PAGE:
Drive Type: RWD
Pinos Altos, New Mexico, United States
World's Most Efficient Car Impresses, Not Without Compromises
Among our many duties at the recent Geneva Motor Show, we were offered a pretty exclusive drive in the new Volkswagen XL1 hyper-efficient plug-in diesel hybrid. There is so much that is interesting about a car like this reaching production from a major automaker that it's tough to know where to begin.
First off, you should know that - at least for this generation - there is absolutely no chance in Albuquerque that this "1-liter vehicle" (i.e. a vehicle that can burn just one liter of fuel to travel 100 kilometers, or 62.1 miles) will ever make it into the hands of North American customers. We, too, were having trouble imagining an XL1 in typical American traffic, surrounded by comparatively massive pickups and SUVs. The driving experience had us recalling a couple of weeks in 1999 when we drove the then-revolutionary Honda Insight hybrid on US roads. We keenly remember the feeling of being very small and vulnerable, even as we felt proudly green in our 61-mpg Tochigi pod. Thing is, the Volkswagen is smaller still, and nearly as light despite its more complex drivetrain and safety features.
Volkswagen looks to be getting ready to jump into the large three-row crossover game. The automaker has officially pulled back the curtain on the CrossBlue Concept at the 2013 Detroit Auto Show.
Designers and engineers penned the machine specifically for the Canadian and US markets, and with a plug-in diesel electric hybrid drivetrain, the hulking five-door, at least in concept form, should offer substantially better efficiency than anything else on the market. The drivetrain pairs a 2.0-liter turbo diesel four-cylinder engine with two electric motors for a combined output of 305 horsepower and a ludicrous 516 pound-feet of torque. A six-speed dual-clutch gearbox handles shifting detail, while one electric motor spins the front wheels. The second motor spins the back axle independently, make the CrossBlue a through-the-road hybrid.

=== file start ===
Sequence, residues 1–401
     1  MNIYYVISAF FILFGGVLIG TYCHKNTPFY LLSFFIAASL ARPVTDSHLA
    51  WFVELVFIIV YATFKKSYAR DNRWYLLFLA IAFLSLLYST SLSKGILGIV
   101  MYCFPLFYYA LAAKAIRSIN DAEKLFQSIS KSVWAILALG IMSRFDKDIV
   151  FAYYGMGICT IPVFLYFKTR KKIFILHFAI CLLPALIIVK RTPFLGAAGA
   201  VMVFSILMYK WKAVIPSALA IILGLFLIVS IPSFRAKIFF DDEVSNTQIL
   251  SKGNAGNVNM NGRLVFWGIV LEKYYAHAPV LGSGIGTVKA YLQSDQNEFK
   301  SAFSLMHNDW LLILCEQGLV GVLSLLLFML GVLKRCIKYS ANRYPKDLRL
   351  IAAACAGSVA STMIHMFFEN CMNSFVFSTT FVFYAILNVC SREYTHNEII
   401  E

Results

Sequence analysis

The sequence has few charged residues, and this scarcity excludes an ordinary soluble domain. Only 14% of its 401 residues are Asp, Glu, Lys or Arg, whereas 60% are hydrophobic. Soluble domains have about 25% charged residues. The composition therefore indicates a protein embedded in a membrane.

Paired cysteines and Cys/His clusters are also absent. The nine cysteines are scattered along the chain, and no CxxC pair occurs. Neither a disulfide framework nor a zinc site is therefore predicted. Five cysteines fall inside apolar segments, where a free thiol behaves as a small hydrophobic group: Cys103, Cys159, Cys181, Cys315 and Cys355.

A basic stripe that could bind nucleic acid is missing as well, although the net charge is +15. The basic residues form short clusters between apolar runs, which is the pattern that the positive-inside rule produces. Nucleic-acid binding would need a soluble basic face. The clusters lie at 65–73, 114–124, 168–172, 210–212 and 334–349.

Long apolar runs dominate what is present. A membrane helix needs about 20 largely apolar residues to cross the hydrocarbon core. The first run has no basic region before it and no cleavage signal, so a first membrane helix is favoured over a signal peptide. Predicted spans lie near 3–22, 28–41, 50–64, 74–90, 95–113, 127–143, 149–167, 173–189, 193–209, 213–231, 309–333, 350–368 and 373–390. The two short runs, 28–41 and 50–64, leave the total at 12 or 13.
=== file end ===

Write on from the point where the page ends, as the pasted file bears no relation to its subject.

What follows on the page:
As a result, the crossover can pop to 60 mph in 7.2 seconds. Perhaps more impressively, the CrossBlue can whir around on all-electric propulsion for up to 14 miles at up to 75 mph. Once the diesel four kicks in, the drivetrain can yield up to 39 mpg, though Volkswagen says the hardware can hit 89 MPGe on a full charge thanks to a 9.8 kWh lithium-ion battery pack. Check out the full press release below for more information.
Volkswagen still has its eyes set on becoming the top global automaker by 2018, and to get there, it's apparently going to need more boots on the ground. Automotive News Europe is reporting that VW is looking to increase its staff by 50,000 over the next five years - an increase of nine percent - which does not include an increase in its US dealer network.
According to the report, a majority of the growth will come from China where the automaker is also looking to double its production capacity in the same time frame. The Volkswagen Group is already expected to rival General Motors for the top sales spot in China this year, and such a rapid expansion in the region could make a good springboard for sales increases in other countries.